I decided to push my review of Lion back a week so it could be post number 100!  So, here it is….POST 100:

Apple released Lion on July 20 through the Mac App Store for a reasonable $29.99.  There are some who have complained about the lack of a disc option, but Apple is planning to release USB flash drives with Lion for $69.  Clearly it is cheaper to purchase the OS through the App Store, but not everyone has high speed internet and the file was a hefty 3.75GB.  That being said, the download is worth the wait as Lion’s features are a more noticeable transition from Snow Leopard then the Leopard to Snow Leopard upgrade in 2009.  Where Snow Leopard was a rewrite of the OS, Lion focuses more on end user features.  Apple has publicized this as iOS meets Mac OS X, but has it worked?  Lets find out.

Multi-Touch Gestures

Many people are probably wondering why this is such a big deal.  Apple already used Multi-touch with the Mac, but the experience has been taken to the next level.  Users using a MacBook or iMac with a Trackpad will find multi-touch very useful.  From swiping between desktops/full screen apps, pinch to zoom, short cuts, the user experience has been greatly improved with these simple gestures.  While there are many gestures available, users can customize gestures and can even view short demos in System Preferences>TrackPad.  The one annoying change Apple made is scrolling.  You can still use two figures, but it is the opposite of what we are used to.  They claim it is more natural, but I hate it.  Luckily, this can also be disabled in System Preferences.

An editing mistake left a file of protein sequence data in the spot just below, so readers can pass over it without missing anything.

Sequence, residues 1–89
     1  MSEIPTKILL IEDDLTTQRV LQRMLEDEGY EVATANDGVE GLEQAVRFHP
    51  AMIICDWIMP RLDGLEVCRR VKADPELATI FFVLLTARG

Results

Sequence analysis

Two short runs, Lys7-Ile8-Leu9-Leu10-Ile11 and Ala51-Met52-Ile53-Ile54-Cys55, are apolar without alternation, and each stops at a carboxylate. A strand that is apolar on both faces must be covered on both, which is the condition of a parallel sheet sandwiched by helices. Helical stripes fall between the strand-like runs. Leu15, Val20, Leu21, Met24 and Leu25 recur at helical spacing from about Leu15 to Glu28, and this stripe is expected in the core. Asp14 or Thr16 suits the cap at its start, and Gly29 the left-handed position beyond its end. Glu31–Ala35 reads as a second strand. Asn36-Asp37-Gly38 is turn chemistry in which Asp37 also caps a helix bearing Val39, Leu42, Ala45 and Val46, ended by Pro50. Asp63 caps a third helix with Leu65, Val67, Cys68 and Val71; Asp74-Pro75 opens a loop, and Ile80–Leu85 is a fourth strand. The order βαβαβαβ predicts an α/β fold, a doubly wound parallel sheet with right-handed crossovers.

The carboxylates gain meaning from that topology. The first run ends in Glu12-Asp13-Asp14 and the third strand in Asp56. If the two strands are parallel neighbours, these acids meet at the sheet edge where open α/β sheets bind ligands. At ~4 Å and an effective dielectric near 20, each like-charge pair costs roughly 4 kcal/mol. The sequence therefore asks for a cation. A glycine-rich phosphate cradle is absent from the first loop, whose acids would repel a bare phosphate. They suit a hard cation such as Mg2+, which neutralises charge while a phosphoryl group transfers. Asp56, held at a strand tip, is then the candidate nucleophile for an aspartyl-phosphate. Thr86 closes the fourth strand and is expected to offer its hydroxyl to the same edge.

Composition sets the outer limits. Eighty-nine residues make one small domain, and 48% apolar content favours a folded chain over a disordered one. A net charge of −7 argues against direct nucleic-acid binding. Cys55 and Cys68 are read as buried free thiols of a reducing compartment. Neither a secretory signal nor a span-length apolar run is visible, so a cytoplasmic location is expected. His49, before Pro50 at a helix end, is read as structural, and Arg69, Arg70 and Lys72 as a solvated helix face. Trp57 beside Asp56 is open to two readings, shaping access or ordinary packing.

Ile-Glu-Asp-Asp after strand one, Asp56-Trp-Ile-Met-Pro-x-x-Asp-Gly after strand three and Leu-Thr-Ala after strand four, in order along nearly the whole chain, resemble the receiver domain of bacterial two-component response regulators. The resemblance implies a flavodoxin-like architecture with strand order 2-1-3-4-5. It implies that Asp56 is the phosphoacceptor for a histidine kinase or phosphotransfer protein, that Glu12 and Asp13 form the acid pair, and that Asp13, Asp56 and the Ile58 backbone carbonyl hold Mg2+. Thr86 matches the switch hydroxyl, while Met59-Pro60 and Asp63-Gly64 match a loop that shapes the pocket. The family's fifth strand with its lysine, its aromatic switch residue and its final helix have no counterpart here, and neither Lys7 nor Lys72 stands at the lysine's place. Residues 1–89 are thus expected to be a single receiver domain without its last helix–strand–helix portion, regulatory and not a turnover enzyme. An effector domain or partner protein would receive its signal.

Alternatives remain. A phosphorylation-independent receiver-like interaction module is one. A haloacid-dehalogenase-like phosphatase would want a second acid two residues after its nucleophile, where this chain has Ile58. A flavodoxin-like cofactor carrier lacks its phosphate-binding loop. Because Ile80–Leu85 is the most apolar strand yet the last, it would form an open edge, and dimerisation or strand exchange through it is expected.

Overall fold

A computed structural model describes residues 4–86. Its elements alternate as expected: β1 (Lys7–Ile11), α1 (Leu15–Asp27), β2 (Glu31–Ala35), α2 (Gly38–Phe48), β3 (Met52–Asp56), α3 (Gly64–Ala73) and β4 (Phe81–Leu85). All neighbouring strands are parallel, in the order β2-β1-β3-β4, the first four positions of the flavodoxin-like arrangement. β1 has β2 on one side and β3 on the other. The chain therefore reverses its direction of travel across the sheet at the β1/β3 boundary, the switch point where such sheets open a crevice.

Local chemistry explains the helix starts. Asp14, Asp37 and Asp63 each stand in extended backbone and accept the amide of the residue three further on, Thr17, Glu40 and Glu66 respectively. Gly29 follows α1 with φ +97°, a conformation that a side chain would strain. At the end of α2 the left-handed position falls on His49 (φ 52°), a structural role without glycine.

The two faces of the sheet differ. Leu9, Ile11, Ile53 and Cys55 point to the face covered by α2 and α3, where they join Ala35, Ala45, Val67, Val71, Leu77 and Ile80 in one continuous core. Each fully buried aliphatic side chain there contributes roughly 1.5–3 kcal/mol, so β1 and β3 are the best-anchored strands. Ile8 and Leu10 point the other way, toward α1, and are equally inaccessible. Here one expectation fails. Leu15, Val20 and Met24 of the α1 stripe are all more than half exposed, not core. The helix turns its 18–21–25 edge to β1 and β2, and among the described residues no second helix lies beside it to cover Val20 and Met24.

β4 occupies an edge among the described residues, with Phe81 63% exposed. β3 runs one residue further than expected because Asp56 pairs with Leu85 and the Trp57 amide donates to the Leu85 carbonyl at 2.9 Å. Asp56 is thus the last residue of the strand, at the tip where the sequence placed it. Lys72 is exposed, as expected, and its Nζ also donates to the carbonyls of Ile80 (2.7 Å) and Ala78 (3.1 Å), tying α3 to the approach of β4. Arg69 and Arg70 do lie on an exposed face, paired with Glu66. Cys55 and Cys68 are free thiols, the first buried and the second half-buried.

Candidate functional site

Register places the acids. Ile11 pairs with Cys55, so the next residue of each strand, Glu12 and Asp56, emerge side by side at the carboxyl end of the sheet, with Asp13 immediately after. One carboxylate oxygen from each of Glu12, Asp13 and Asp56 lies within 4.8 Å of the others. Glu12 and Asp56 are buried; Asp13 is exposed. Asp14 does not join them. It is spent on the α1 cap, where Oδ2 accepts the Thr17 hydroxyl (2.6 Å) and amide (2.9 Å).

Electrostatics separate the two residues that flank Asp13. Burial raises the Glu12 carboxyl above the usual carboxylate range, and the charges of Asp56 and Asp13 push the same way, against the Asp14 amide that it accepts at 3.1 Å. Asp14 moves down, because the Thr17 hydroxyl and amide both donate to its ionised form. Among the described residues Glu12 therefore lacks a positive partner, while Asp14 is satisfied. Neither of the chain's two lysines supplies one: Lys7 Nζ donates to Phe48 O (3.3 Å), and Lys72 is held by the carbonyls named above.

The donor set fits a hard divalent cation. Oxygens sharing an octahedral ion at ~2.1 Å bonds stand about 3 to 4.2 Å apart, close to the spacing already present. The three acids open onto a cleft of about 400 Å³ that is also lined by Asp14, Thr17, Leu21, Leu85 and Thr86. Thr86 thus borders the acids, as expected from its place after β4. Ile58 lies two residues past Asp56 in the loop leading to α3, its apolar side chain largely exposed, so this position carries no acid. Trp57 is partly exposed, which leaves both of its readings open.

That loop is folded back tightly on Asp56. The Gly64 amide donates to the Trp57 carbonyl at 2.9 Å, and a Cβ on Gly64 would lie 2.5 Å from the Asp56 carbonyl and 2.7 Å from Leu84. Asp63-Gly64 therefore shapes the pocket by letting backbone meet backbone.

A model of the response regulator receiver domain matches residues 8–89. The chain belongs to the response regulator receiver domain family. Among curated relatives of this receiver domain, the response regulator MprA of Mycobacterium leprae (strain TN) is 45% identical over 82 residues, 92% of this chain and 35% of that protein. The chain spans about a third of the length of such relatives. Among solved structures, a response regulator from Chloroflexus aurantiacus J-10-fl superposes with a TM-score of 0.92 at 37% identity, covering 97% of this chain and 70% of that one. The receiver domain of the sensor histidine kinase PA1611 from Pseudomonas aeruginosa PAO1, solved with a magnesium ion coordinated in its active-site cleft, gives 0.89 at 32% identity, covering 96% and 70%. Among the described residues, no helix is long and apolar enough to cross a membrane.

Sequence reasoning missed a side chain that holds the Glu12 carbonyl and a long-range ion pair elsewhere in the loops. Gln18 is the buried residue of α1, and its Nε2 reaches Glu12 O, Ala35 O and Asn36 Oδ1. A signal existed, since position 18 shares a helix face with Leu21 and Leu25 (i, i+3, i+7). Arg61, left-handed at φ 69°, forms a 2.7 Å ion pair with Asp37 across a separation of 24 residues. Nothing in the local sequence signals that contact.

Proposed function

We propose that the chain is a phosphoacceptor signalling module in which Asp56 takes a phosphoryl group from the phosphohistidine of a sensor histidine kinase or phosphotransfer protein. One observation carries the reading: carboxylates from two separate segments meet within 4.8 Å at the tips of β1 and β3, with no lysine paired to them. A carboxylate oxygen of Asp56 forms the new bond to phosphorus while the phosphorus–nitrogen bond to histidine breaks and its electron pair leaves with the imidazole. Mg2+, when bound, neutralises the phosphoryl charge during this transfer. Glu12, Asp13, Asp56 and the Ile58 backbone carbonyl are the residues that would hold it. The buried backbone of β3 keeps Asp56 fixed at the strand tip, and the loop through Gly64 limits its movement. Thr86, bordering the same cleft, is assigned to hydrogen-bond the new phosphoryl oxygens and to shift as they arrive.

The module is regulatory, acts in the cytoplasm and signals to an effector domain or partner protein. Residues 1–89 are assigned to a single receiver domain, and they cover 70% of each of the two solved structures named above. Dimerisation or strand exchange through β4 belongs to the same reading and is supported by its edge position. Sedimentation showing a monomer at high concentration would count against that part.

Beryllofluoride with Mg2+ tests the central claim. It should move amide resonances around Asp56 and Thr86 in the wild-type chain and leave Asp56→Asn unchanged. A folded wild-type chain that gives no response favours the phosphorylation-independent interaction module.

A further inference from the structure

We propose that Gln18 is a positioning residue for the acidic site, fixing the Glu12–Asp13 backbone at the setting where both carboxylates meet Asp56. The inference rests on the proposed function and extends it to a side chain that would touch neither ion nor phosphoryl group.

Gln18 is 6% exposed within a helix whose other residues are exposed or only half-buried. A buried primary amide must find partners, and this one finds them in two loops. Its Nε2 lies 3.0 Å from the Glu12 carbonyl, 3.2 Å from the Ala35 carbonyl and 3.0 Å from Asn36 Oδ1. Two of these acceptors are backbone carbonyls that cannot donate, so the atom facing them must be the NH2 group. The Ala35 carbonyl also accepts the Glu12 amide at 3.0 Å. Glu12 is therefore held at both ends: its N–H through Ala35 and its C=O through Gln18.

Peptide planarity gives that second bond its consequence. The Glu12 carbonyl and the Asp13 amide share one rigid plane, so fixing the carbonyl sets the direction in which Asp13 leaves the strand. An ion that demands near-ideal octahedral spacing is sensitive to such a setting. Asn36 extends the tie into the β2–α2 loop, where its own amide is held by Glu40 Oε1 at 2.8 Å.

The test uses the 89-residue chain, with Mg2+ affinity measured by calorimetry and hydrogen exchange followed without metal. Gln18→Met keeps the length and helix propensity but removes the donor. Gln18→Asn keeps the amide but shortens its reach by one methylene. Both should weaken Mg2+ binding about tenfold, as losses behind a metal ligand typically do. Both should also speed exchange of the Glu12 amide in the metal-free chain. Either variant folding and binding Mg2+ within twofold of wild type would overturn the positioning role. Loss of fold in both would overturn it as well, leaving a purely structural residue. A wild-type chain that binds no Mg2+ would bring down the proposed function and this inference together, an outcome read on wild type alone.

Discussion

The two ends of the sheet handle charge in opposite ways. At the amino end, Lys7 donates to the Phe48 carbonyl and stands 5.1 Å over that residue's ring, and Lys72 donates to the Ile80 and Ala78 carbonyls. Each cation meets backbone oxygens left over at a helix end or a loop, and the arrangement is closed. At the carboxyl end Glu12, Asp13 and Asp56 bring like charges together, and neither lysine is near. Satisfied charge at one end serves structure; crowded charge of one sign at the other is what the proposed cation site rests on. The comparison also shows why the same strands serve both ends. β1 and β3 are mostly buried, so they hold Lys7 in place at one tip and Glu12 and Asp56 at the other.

Full Screen Apps

This is one of the simplest features of Lion, but also very useful for power users and those using 11″ or 13″ MacBooks.  All of Apple’s built in Apps have a new button at the top right corner of the screen to open the app in full screen mode.  When an App is place in full screen, its enters its own space.  Using a simple 3-finger swipe, the user can swipe between all open full screen apps and desktops.  This makes switching between Safari, Mail, and iTunes (the apps I use most) very quick.  What has amazed me is how fluid the system switches between apps.

Mission Control

Before Mission Control there was Expose and Spaces.  Mission Control combines these features along with Full Screen Apps to give users quick access to all open programs on their machine.  Again, a multi-touch gesture can be assigned to access Mission Control or by pushing F3 on the keyboard.  No only does this show all open apps, but you can add more desktops and arrange the apps between these desktops, much like Spaces.  What is annoying, however, is that I cannot rearrange full screen apps.  They are arranged in the order you opened them or the system will also order them by the number of times you use the app, but you cannot drag them around.  I hope this will be a change Apple will make in one of its early updates to Lion because I want to order the apps by my priorities.

LaunchPad

Launchpad is the most obvious carryover from iOS.  The iPad/iPhone like layout allows users to organize apps and place them into folders.  Again, this is accessible using multi-touch gestures, but I find the whole idea to be pointless.  What is wrong with the Dock?  Most users will probably skip this option….I know I have.

Resume